Below, Professor M. Amah Edoh describes various aspects of how she taught 21G.026 Global Africa: Creative Cultures.
- Africa as a Category of Thought
- The Broader Relevance of Studying Africa
- Varieties of Cultural Production
- Special Events
- Written Reading Responses
- The Creative Final Project
- What Will It Be Like Next Time?
- Advice to Fellow Educators
There are no prerequisites for this course, but French language concentrators should have taken 21G.028 African Migrations or have the permission of the instructor.
- 21G.026 can be applied toward a Bachelor of Science in Global Studies and Languages (French Studies).
21G.026 was offered for the first time in Spring 2018.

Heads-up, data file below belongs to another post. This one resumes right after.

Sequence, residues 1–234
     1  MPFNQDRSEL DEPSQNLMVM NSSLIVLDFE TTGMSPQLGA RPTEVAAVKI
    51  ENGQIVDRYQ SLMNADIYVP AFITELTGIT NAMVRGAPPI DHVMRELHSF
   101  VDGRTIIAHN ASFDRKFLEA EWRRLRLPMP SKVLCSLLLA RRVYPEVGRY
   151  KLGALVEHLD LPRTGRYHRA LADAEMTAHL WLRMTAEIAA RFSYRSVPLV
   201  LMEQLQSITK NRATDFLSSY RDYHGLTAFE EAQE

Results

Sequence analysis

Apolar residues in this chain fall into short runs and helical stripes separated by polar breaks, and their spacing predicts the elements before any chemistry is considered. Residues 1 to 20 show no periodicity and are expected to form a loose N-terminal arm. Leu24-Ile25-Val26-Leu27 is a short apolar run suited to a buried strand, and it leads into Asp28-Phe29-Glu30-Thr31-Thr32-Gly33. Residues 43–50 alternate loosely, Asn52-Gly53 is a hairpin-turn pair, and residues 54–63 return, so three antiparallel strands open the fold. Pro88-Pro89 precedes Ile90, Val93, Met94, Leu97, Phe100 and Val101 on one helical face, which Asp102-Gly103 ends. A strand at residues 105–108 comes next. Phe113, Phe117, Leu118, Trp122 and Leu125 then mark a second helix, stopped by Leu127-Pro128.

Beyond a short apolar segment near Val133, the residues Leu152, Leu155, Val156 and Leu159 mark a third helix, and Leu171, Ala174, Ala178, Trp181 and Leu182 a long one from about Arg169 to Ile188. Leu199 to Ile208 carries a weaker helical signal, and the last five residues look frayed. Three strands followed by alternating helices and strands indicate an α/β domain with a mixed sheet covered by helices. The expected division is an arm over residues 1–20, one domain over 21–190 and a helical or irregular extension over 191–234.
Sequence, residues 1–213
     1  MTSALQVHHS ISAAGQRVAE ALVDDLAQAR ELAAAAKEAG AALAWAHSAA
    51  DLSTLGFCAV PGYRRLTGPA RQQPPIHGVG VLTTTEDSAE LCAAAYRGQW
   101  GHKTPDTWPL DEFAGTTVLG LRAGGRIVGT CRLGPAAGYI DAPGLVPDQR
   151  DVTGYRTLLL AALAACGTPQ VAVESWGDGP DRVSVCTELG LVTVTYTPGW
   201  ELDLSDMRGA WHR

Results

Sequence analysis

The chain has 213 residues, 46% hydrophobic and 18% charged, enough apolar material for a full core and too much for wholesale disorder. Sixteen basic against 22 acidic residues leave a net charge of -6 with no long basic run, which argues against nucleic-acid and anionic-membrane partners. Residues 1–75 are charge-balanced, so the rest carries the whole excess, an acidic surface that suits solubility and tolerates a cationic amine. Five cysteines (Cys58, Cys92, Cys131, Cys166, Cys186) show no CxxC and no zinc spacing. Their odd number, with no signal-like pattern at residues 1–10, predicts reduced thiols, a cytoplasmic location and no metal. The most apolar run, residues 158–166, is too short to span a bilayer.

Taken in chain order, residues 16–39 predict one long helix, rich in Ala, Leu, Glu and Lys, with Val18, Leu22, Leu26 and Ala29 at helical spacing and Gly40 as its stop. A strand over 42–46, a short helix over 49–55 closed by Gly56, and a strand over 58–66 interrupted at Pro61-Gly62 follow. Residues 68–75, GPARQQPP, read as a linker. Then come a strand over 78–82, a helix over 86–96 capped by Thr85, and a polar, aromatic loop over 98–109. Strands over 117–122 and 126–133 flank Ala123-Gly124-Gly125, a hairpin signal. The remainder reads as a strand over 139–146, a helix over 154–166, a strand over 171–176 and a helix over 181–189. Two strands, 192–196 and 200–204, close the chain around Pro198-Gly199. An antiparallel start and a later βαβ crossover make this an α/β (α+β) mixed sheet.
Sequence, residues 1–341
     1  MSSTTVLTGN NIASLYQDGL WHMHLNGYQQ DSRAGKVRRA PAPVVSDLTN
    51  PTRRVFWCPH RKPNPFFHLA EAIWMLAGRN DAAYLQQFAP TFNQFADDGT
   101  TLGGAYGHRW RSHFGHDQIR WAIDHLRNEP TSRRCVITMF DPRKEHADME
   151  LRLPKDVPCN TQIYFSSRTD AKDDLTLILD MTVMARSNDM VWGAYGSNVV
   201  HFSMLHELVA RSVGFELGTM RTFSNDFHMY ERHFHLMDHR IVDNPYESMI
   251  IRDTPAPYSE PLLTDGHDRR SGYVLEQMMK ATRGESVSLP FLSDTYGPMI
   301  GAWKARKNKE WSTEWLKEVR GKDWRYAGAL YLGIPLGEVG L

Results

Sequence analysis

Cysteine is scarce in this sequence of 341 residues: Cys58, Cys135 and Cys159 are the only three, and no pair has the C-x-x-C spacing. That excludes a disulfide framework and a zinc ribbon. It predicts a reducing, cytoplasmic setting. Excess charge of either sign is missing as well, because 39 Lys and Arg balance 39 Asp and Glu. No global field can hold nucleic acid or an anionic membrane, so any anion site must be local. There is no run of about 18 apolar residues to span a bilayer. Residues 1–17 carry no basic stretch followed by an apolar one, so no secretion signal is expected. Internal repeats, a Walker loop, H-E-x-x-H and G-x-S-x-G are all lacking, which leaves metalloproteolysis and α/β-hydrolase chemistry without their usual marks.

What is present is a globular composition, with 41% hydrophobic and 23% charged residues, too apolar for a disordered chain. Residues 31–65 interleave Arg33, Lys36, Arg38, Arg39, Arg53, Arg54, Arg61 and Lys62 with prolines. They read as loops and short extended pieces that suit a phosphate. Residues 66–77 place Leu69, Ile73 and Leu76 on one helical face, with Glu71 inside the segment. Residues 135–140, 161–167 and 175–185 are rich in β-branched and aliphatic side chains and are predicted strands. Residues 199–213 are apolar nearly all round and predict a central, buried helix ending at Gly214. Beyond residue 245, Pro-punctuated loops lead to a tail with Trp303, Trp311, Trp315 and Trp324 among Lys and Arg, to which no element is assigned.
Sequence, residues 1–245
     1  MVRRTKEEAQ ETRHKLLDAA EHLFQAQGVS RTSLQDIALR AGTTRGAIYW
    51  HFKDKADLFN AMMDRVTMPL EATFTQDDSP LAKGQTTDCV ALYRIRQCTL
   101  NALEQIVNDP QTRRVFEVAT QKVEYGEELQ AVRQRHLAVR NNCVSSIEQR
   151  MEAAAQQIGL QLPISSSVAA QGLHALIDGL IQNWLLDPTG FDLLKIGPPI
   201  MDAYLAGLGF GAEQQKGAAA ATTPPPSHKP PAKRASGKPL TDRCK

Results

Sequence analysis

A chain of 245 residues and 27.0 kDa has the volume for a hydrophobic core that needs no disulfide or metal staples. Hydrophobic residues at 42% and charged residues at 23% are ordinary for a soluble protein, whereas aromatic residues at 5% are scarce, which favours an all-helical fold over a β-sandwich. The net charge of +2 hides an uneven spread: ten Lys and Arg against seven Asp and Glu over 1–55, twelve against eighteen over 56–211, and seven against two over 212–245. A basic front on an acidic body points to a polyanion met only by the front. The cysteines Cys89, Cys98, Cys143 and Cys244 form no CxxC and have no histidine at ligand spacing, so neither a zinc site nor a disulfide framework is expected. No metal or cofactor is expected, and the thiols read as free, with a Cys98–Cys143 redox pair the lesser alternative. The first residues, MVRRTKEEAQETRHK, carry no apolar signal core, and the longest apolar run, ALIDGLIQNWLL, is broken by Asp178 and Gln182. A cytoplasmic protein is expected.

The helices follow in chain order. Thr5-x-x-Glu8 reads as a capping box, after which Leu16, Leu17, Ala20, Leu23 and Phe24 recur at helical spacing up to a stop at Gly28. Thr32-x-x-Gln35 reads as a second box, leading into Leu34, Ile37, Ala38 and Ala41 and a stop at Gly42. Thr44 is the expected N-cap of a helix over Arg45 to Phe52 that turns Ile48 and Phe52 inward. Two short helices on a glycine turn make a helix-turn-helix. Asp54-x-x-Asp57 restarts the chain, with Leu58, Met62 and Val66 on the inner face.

The students’ grades were based on the following activities:
- 20% Reading responses (weekly, 10 total)
- 20% Presentation of readings
- 20% Paper
- 30% Final project (20% project, 10% presentation)
- 10% Class participation
Breakdown by Year
About 2/3 sophomores and juniors; about 1/3 first-year students and seniors
Breakdown by Major
Many engineering and computer science majors; a few humanities majors
Typical Student Background
About half the students were Africans from the continent or first-generation Americans of African background. Many of the non-African students were going to be working in Africa during the summer or had recently spent time there.
How Student Time Was Spent
During an average week, students were expected to spend 12 hours on the course, roughly divided as follows:
- Met once per week for 3 hours per session; 12 sessions total; mandatory attendance.
- Students participated in active discussions, listened to weekly samples of African music, and delivered presentations of their final projects.
Out of Class
- Readings in preparation for class sessions
- Attending theatrical performance and film screenings
- 10 weekly reading responses
- 5-page analytical paper
- Creative final project